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Deciphering Dementia

Approximately 13% of Americans 71 and older are affected by dementia today. If you work in any setting but pediatrics, you're likely encountering more and more patients with some form of dementia. And in your personal life, if you're in my "middle-ish" age range, one or more of your parents or parents-in-law may be showing signs of memory or language deficits or changes in executive functioning.

This month's CME/CE offering provides education on strategies to manage early and midstage dementia. As Carolyn K. Clevenger, DNP, GNP-BC, explains, dementia is a prolonged condition with a significant timespan between symptom appearance and death. "It has a predictable course of decline, but it has unpredictable episodes of exacerbation and relative stability," she writes.

Because of these unique characteristics, experts recommend a chronic care approach to dementia management. This requires individualized treatment planning and, when possible, the involvement of family members. Nurse practitioners and physician assistants are ideally suited to providing this type of healthcare, and you most certainly will be called on to do more of it as our country's geriatric population grows. Do you know where to find specialized resources?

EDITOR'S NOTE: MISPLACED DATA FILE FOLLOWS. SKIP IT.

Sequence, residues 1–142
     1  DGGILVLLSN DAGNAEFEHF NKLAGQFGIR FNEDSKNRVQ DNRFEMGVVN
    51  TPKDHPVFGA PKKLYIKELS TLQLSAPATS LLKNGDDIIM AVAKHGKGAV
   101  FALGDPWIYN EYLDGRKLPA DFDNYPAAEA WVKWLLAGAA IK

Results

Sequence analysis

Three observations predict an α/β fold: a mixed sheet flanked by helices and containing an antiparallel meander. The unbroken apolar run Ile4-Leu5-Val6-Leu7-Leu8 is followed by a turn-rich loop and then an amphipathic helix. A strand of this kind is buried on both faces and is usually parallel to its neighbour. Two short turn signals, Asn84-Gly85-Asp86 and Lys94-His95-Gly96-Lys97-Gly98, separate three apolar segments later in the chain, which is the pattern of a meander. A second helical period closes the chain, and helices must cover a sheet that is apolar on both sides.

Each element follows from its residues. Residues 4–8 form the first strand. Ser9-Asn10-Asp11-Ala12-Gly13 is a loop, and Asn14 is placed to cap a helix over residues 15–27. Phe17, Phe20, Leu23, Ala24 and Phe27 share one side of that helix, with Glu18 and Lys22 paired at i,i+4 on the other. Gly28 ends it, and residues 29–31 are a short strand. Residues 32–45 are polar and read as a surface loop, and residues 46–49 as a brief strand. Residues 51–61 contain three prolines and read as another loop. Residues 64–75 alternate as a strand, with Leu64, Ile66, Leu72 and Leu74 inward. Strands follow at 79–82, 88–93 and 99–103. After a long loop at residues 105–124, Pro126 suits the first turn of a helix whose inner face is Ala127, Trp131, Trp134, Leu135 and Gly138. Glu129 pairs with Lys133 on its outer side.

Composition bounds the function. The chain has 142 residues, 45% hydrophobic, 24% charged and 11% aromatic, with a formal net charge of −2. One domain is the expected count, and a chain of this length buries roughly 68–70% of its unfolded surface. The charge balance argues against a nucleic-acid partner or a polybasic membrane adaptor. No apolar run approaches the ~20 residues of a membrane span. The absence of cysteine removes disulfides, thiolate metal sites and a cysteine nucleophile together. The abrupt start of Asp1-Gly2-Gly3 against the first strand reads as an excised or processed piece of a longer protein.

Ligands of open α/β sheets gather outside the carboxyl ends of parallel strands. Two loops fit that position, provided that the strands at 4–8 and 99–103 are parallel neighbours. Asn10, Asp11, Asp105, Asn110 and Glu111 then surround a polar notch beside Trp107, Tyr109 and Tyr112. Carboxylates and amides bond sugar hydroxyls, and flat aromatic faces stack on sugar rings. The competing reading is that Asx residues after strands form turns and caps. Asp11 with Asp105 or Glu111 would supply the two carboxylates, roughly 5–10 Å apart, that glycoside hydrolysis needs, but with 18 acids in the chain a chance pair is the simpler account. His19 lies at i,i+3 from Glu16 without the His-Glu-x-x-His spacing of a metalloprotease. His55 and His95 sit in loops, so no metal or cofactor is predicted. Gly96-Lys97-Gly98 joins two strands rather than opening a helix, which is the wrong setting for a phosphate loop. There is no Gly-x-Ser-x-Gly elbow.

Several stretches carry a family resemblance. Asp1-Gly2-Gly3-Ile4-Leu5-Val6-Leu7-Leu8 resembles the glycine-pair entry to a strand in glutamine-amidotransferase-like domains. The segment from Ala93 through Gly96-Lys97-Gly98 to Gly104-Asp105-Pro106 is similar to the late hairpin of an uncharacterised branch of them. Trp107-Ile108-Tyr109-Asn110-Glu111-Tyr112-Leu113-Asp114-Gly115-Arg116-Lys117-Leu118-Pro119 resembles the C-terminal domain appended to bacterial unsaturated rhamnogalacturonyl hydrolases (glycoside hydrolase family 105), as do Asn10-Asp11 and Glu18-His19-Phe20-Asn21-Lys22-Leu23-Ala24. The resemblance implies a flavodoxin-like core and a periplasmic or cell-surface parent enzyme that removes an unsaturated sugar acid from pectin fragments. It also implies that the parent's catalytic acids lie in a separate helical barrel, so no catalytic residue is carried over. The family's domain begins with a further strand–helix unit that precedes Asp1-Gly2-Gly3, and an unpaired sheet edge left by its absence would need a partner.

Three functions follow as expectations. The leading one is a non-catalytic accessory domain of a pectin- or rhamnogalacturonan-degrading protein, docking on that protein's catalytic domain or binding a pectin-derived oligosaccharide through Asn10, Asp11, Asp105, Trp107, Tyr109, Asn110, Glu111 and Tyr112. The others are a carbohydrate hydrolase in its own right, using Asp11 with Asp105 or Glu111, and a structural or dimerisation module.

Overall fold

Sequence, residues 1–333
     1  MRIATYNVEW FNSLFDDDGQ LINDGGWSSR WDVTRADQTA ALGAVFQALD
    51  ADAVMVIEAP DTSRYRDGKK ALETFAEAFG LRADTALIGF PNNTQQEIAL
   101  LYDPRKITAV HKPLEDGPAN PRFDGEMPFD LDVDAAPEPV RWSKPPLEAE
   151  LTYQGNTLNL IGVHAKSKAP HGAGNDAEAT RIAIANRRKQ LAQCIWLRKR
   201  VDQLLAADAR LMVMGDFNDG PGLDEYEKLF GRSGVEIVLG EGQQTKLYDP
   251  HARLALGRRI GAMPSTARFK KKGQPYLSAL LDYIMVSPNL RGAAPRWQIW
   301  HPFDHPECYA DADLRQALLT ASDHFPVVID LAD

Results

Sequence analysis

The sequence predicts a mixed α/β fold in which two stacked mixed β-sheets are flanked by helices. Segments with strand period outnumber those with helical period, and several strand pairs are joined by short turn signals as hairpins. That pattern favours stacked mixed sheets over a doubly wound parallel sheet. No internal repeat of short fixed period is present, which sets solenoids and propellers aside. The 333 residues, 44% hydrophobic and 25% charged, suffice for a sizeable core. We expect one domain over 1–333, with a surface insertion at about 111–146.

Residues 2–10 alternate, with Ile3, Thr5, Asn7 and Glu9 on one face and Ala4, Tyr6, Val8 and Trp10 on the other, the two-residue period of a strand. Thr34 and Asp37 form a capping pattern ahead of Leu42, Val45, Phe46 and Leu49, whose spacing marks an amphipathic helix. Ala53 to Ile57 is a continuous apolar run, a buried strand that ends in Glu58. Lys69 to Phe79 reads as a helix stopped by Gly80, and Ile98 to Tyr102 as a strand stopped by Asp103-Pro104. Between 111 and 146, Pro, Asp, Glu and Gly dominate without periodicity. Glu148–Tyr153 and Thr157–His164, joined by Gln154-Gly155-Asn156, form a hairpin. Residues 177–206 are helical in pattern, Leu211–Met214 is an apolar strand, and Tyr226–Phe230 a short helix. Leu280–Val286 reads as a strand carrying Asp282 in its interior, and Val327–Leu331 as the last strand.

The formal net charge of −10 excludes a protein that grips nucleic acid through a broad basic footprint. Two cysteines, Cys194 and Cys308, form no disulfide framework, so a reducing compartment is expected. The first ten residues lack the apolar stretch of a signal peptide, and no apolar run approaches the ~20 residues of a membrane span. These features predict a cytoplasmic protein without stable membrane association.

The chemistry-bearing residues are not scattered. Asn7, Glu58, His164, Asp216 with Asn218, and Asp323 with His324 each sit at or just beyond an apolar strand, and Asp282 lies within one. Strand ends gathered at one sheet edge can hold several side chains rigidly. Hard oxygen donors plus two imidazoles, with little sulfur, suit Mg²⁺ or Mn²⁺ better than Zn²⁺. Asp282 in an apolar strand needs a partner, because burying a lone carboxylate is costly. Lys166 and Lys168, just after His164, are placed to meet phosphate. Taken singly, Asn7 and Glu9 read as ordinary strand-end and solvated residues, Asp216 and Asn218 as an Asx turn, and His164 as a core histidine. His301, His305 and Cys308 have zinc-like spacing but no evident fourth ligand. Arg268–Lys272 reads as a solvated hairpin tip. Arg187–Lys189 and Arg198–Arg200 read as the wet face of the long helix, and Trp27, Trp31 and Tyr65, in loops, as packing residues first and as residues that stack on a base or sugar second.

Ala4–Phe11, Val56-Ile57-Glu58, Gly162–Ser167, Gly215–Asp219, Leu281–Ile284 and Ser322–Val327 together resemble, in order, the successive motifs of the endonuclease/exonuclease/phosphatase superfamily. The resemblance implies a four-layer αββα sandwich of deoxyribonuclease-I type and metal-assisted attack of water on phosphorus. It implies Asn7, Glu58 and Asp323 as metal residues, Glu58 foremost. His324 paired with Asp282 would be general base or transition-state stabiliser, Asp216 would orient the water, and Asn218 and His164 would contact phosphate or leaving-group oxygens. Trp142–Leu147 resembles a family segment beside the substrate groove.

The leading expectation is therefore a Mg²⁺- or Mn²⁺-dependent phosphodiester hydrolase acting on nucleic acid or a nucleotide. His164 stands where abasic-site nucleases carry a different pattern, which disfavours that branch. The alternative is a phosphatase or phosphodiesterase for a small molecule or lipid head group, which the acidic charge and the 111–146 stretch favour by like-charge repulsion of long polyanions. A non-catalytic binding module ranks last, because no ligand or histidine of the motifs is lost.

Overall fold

In Las Vegas this month, nurse practitioners who specialize in geriatrics are gathering for the annual conference of GAPNA, the Gerontological Advanced Practice Nurses Association. This national organization, previously known as the National Conference of Gerontological Nurse Practitioners, offers continuing education, networking and many other resources for NPs who work with older adults or who seek additional expertise in geriatrics. Visit the organization's website for information on membership and future conferences:

For physician assistants, the Society of Physician Assistants Caring for the Elderly (SPACE) offers resources and links at its website, SPACE is a constituent organization of the American Academy of Physician Assistants, and its members meet to network at the annual AAPA conference.

We hope you enjoy this issue. Find more articles on geriatric topics at our website,



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